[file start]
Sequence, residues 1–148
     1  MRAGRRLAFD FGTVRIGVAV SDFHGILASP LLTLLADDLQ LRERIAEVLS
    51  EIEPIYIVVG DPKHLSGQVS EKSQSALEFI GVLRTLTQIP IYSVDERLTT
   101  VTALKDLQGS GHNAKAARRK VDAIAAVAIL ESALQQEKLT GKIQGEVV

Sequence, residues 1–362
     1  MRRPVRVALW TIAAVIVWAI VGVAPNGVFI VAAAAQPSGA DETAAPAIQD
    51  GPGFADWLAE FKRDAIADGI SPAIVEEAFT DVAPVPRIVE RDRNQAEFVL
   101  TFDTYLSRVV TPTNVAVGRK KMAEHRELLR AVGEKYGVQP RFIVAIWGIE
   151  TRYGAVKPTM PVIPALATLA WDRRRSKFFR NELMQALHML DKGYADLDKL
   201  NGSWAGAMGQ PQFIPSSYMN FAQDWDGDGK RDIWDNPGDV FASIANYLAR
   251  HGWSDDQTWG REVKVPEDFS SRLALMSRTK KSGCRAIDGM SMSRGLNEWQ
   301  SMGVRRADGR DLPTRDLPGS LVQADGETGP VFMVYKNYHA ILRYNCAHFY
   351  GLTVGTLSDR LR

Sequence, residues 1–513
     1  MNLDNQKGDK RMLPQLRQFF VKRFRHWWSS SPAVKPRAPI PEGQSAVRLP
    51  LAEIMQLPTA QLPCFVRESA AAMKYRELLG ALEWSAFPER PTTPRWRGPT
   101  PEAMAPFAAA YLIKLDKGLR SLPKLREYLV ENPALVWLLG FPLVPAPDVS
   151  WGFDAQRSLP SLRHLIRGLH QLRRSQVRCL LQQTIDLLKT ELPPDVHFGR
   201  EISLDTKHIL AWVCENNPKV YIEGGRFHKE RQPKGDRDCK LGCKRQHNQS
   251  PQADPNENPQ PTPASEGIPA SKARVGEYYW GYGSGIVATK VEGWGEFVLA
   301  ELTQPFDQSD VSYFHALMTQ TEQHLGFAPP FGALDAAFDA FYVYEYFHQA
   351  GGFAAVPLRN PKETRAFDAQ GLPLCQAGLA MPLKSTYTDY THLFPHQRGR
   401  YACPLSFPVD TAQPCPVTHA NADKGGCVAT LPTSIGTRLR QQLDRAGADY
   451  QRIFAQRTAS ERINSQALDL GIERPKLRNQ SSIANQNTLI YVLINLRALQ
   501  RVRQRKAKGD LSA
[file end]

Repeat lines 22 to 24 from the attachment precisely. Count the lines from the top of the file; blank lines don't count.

   351  GGFAAVPLRN PKETRAFDAQ GLPLCQAGLA MPLKSTYTDY THLFPHQRGR
   401  YACPLSFPVD TAQPCPVTHA NADKGGCVAT LPTSIGTRLR QQLDRAGADY
   451  QRIFAQRTAS ERINSQALDL GIERPKLRNQ SSIANQNTLI YVLINLRALQ